Thus when the vehicle borne Smart Card transponder 23 arrives at one of the lane based capture zones IZ1 to IZ9 and enters into communication under the second protocol with one of the lane based readers, and on receipt of the transponder ID, it is determined whether the toll transaction was successful or not. The lane based reader 34 then signals the associated lane controller 36 to appropriately direct the vehicle, i.e., for a successful transaction to give a green light, have the associate lane controller lift barriers or otherwise to process the vehicle out to the toll plaza or (for an unsuccessful transaction) to show a red light or put a barrier in place or indicate an appropriate lane, and in either event, to purge the transponder from the list now that its status is identified with a particular vehicle. Further status alternatives, ‘card withdrawn’, ‘bad card’, and ‘transponder not in toll plaza’ may be provided.
FIG. 3 shows schematically the overall system. Before describing the operation it will be noted that the plaza host 38 has numerous duties including keeping records for the processing system 40 which operates as a calculator for the transaction manager 24.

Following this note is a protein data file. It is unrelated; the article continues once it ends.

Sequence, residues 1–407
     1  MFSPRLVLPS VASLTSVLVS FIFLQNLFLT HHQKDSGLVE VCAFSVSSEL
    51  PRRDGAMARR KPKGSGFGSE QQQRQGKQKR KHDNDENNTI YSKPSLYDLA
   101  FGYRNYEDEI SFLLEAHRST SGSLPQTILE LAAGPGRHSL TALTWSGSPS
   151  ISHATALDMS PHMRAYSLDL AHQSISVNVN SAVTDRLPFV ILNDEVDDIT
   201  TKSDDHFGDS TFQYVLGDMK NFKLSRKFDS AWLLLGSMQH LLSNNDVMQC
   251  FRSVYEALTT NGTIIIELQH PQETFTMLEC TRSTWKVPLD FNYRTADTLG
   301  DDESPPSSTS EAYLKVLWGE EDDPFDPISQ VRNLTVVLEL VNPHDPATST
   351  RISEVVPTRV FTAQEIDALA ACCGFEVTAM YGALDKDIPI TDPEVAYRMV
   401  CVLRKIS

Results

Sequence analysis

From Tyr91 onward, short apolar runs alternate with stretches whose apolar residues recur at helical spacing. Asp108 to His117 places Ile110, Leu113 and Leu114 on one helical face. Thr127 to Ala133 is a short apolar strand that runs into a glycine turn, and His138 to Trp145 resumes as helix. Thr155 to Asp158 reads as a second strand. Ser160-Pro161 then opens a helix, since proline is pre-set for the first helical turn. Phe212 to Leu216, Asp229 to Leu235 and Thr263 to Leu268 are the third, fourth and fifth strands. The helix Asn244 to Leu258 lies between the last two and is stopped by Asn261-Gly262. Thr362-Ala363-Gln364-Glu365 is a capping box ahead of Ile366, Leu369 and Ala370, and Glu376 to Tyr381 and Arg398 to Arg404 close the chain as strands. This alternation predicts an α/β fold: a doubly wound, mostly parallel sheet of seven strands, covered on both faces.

In operation, referring to FIGS. 3 and 6, the Smart Card Transponder 23 is in wide area mode to communicate under a first protocol with the wide area reader 29 or in lane based mode, to communicate under a second protocol with one of the channels of a lane based reader 34.
The current Smart Card balance is read and stored on the Smart Card transponder upon insertion of the Smart Card or after each transaction. The tag is designed to self energize at intervals to sample for RF data streams. When the tag detects such a data stream, the communication processor 16 is energized and thereafter the application processor 18 is energized.
The wide area reader 29 is energized continually. When the frame control message from one of the frames of the superframe is received, the Smart Card transponder activates on the best antenna(i.e. provider of the best frame MZ1-MZ4 after N superframes). The transponder requests by a NEA message in a random activations lot of the best frame that there is data to be read. The wide area reader then, in a data transfer slot, reads the transponder (ETC) information which will include: Tag ID, Plaza ID, Point of Entry and vehicle class. The wide area reader 29 in respect of location MR1 then reads the Smart Card information including Smart Card balance and Smart Card ID.